2021 Megawatts of Installed Wind Turbine Capacity: 63,760
Germany is a major adopter of wind energy given its 2021 installed wind turbine capacity of almost 64 GW. Given its large economy and world class engineering talent, Germany’s government has the resources to increase its wind generation substantially. Germany’s government also has a policy of attaining 100% of its electricity from renewable sources by 2035. In order to do so, a government paper outlines plans to potentially increase wind energy capacity to 110 GW onshore, and as much as 30 GW offshore.
#2 United States
2021 Megawatts of Installed Wind Turbine Capacity: 132,738
The United States is the world’s second largest generator of wind energy with installed wind turbine capacity of 132.7 GW in 2021. Thanks to supportive government policies and lower wind costs, the United States’ wind capacity has grown by an average growth rate per annum of 11.3% from 2011 to 2021, with 12.1% growth in 2021. As a result of recent construction, wind generates over 9% of electricity nationwide including more than 50% in Iowa and South Dakota.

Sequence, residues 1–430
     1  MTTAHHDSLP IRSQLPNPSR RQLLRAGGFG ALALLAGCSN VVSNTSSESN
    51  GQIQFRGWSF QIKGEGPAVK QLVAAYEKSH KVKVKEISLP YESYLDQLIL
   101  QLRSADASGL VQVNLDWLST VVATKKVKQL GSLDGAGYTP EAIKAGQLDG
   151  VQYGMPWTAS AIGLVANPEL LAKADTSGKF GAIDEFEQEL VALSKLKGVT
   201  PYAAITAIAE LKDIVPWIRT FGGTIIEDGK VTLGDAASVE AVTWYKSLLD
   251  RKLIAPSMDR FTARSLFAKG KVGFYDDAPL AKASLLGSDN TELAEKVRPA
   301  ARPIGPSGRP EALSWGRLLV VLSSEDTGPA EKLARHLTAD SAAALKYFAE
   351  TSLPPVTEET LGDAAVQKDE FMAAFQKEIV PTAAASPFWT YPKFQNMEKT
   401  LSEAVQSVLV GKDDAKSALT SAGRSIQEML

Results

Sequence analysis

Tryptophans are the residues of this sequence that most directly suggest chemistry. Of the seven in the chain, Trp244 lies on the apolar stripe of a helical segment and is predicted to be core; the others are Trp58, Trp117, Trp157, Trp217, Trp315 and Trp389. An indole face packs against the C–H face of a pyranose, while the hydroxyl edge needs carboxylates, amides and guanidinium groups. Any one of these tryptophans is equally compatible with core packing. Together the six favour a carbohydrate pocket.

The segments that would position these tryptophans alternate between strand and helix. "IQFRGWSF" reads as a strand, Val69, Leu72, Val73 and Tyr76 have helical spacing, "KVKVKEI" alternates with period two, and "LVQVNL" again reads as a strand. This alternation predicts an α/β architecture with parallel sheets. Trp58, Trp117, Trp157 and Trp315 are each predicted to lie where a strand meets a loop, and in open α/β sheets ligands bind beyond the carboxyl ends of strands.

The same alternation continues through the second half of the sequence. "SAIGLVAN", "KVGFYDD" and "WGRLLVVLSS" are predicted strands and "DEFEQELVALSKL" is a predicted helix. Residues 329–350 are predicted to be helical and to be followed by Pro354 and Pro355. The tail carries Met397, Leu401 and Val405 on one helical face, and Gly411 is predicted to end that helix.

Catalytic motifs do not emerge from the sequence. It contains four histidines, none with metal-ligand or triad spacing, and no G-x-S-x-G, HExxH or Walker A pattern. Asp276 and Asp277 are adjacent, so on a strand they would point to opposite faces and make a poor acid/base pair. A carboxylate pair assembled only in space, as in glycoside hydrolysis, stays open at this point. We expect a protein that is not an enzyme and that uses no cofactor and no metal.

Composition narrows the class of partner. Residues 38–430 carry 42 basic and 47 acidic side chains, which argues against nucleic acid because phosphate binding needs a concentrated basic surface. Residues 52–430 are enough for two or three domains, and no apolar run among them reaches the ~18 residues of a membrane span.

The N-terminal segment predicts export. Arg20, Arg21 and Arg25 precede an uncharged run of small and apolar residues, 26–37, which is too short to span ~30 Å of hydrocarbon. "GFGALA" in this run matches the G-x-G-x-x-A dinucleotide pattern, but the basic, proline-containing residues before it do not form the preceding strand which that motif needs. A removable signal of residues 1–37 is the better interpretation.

2021 Megawatts of Installed Wind Turbine Capacity: 328,973
China ranks #1 on our list of 15 Countries That Produce the Most Wind Energy given its 2021 installed wind turbine capacity of almost 329 GW.
China is the leader in wind given the country has enormous energy needs considering its large population and its second largest economy. The Chinese government has also implemented subsidies to increase renewable energy generation in the last decade to lower carbon emissions.
In addition to being a leader in terms of installed capacity of onshore wind, China is a leader in offshore wind. According to data from the country’s National Energy Administration, China has around 26 GW of installed offshore wind, versus the global installed offshore capacity of 54 GW. In 2021 alone, China installed nearly 17 GW of offshore wind capacity.